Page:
If he backs down on Friday and lets Djokovic stay, the government looks weak; Voters remember that rules don’t matter if you’re rich and famous; Morrison’s hardline stance on immigration is being undermined at the worst possible time.

So why was Djokovic not on the next plane back?

The Biloila family case

One possible reason why Hawke was reluctant to use his power to intervene personally is the so-called Biloila family affair. A family of Tamil asylum seekers – the Murugappans – have fought for years to be allowed to return to the Australian town of Biloela in the Australian state of Queensland, after the federal government rejected their asylum application on the grounds that the parents had traveled to Australia by boat and ordered them to return to Sri Lanka.

the The Biloela community rallied around the family, and Hawke’s eager campaign was launched to intervene, using his personal power to allow the family to return to town. So far, Hawke has largely abstained from voting, despite the family’s harrowing plight.

Now, the Djokovic case is again bringing attention to Murugappans – And if Hawke chooses to step in, even if it is to deport the tennis star, it highlights the fact that he could easily do so in Biloila case too.

There is another major reason why Hooke might be hesitant.

The fate of the Australian Open

The Melbourne Grand Slam is among Australia’s most cherished sporting events, attracting thousands of visitors and contributing more than A$380 million (about €242 million) to the Victorian economy in the pre-pandemic period of 2020.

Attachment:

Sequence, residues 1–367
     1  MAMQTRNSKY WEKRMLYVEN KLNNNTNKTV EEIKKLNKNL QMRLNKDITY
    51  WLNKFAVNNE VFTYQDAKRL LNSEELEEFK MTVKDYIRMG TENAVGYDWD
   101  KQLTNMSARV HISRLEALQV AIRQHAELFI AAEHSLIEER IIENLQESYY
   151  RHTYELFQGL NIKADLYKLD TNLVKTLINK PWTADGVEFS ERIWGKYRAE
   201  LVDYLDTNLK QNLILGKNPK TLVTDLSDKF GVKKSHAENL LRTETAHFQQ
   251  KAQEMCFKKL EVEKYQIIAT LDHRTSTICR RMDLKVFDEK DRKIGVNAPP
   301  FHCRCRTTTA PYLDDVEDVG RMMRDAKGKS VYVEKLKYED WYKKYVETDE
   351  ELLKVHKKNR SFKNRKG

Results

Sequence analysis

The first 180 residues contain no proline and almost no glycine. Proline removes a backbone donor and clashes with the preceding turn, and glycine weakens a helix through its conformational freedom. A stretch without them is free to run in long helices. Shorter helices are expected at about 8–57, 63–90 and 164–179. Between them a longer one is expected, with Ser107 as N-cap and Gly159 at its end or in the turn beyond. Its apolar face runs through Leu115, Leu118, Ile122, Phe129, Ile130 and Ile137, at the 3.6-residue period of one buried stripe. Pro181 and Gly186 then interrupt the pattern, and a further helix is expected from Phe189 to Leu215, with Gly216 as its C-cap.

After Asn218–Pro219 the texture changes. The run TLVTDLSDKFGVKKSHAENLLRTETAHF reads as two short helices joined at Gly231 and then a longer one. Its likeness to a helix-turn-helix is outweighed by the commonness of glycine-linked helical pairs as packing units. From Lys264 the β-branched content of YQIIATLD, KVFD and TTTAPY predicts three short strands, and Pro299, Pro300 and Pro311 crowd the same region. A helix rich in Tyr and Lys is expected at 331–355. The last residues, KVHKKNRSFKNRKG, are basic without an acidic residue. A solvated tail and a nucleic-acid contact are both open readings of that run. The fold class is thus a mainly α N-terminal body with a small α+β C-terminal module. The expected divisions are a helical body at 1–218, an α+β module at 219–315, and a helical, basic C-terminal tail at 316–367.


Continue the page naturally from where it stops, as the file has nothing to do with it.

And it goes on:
Djokovic is the best men’s tennis player in the world, a man loved by some fans and some by others to hate. If the 2022 Australian Open loses its main title, the competition for the trophy will likely be between Rafael Nadal, Daniil Medvedev and Alexander Zverev (the latter of whom is under investigation over allegations of domestic violence). Certainly less exciting.

(Side note: If Zverev is convicted of a domestic violence offense or subject to a domestic violence order, he will technically fail the character requirements for an Australian visa in the future.)

And on a larger scale, Djokovic’s saga lands in a complicated time for the Australian Open. While the Grand Slam is set to be held at Melbourne Park for the foreseeable future, tournament director Craig Tilly has repeatedly warned that her future is not necessarily guaranteed, particularly as a result of the pandemic. “Although we have a contract until 2039 for the government, that does not mean that if … another country has invested a lot of money for a big event that is easy to play,” he said last year, continuing to come to Melbourne.

“The only reason players are here is because we offer a lot of prize money and spend a lot of time chasing them,” he added.

So what happens to major tournaments when the best player in the world is banned from participating in them for three years?

Hawke seems afraid to find out.

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Andrew Naughtie

News reporter and author at @websalespromo